Gray matters

Locals put their heads together for The Crux’s first Chico Mind Map

READING HER MIND<br>Chico musician Gina Violina spills her guts onto the walls of the Crux Artist Collective.

Chico musician Gina Violina spills her guts onto the walls of the Crux Artist Collective.

Photo By Jessica Stevens

“Whenever I’m alone, which is most of the time, I spend hours talking to myself, imagining the conversations I wish I could have, but when I’m around people I become terrified that everything I say will drive them away.”

“9 years, 3 degrees, $75,000 of debt later, I’m done w/ school, am doing nothing with my degrees, and I love my life.”

“I once rolled a joint from a page of Revelations and smoked it. The Bible provides very good rolling papers.”

“Fux all youse guys!”

—Examples of entries from the Chico Mind Map

All of Chico was invited to come down to the Crux Artist Collective this past weekend to take part in “the largest social project for interconnection that Chico has ever seen.” Part confessional, part artistic self-expression, part public-restroom-style graffiti, the Chico Mind Map came into being over the course of two days.

For 10 hours a day March 1 and 2, the Crux was open. Its walls and floor were covered with butcher paper and white cloth for anyone who wanted to come in and write down what was on his or her mind. Black Sharpies were handed out, and people were encouraged to draw a dot and write down a thought—perhaps describe an event in their lives. Others could come in and play off of that thought, or start something new.

People (and a couple of dogs) wandered in and out, but at any one time, about half a dozen people were busy writing and drawing. Everything from profoundly soul-baring to bathroom-stall-rude to outlandish to just plain happy appeared on those blank white canvases. People wrote about friends, imaginary friends, solitude, marriage and the importance of fathers. They wrote about spiders, school, musical scales and saggy balls.

Close-up of one of the walls from the Chico Mind Map.

Photo By Kyle Delmar

Food, sex and drugs were on a lot of people’s minds. One section, which dealt with things that saved people’s lives, evolved. On the list were God, Jesus, music, knitting and Barney the purple dinosaur ("Barney is scary,” added one mind-mapper). Some people opted to draw pictures—eyes, cats, music notes, elaborate paisley designs.

Others came more than once. After spending Saturday evening writing and drawing on the walls and floor, local musician Gina Violina came back the following morning and stayed into the afternoon expressing what was on her mind.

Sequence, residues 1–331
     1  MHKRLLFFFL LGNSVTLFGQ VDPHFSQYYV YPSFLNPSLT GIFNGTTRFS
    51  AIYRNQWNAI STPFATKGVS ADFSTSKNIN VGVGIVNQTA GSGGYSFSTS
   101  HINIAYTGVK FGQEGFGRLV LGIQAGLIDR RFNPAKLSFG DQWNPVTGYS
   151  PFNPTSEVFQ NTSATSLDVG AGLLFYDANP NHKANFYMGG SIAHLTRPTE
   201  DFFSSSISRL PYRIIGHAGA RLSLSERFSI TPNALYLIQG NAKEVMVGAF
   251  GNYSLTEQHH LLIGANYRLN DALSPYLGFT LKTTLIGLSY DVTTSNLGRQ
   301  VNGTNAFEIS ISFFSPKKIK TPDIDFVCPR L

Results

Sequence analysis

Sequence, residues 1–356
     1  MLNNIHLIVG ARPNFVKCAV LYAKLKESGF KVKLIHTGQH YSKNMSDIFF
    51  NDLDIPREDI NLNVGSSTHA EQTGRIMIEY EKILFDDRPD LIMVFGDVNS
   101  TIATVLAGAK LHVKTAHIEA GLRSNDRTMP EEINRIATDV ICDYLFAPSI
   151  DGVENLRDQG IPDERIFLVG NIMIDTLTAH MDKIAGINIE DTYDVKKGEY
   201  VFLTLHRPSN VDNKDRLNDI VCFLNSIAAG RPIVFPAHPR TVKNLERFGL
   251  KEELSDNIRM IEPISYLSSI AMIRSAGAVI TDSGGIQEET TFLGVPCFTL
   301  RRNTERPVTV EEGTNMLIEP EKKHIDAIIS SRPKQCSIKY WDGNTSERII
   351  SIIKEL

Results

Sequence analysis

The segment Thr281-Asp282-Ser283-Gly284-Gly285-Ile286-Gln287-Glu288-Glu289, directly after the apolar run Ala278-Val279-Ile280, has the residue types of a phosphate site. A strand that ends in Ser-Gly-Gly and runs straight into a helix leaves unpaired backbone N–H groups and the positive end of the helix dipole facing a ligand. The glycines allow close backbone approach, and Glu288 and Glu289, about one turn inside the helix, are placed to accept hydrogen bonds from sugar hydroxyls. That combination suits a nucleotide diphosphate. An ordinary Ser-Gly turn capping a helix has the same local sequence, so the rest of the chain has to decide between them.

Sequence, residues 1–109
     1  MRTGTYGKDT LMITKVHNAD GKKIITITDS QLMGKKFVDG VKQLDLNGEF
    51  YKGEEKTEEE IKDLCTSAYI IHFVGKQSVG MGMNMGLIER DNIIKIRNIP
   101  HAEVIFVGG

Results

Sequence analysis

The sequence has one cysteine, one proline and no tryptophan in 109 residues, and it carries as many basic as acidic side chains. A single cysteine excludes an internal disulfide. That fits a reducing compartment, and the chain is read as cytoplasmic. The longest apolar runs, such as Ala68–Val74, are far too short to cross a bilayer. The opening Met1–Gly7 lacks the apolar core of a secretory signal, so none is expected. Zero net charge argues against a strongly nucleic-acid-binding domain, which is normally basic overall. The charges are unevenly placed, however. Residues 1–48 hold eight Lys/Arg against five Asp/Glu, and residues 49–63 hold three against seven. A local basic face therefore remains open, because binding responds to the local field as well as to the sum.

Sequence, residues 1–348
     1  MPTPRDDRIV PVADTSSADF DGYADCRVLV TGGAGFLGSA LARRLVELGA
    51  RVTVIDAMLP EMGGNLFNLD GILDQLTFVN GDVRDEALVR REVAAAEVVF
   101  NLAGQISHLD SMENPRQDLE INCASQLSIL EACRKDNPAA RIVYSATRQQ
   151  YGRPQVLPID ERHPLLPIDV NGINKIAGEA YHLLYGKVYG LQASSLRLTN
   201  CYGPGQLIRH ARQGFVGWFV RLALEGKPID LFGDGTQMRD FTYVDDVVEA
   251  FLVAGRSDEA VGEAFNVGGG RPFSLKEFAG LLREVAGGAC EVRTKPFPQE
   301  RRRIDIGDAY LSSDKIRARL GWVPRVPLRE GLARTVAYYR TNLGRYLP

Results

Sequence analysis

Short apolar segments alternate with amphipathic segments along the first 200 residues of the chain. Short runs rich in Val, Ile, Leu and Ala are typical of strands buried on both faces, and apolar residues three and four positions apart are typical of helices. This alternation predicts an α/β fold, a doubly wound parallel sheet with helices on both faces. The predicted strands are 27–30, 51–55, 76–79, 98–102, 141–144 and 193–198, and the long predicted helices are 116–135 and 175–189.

The dark-haired violinist for local group Hibbity Skibbity went to work. She liked the freedom of it, and that it was a “no pressure” situation because of the anonymity.

“You’re not signing what you draw,” Violina said. “And usually you’re not supposed to draw on somebody else’s picture, but here you’re encouraged to.”

Violina was responsible for, among other things, drawing a large set of “bottled” women. Her female figures had heads that looked like bottles—with names like “Barely Repressed Rage” and “99.9% Pure.” She also drew thought balloons above their heads: “99.9% Pure” was thinking, “I’m vegan.”

The Chico Mind Map is the brainchild of 32-year-old Crux co-director Ty Gorton (Gorton is also a CN&R staff designer) and his friend, Butte College student Arielle Mullen. They explained that it was an attempt to map the collective mind of Chico.

Mullen recalled that she and Gorton came up with the idea after having a conversation about things that make Mullen neurotic: “Like street grates and cats.”

“Wouldn’t it be easier,” she thought, “if we had a map of our own neuroses?”

“Wouldn’t it be great if we could map someone’s mind?” added Gorton.

Thus came into existence the idea of mapping out the thoughts—neuroses, likes, dislikes, memories, random thoughts, etc.—of the entire city of Chico, or as close to that as possible.

Gorton described specifically reaching out to diverse cultural groups at Chico State and Butte College, and even folks at a nearby retirement home ("people that wouldn’t necessarily normally come to the Crux") to participate in the experiment. He even persuaded several teachers from both Chico State and Butte to offer extra credit for students participating in the Mind Map.

“It’s an inter-connective thing,” said Gorton. “We all have these experiences. They all have different levels of intensity, but they’re all representative of the human experience.” At tonight’s (March 6) reception, people will even be able to take a piece of Chico’s mind. The Crux will host a “ceremonial destruction” where the public can help take down the Mind Map and take pieces home.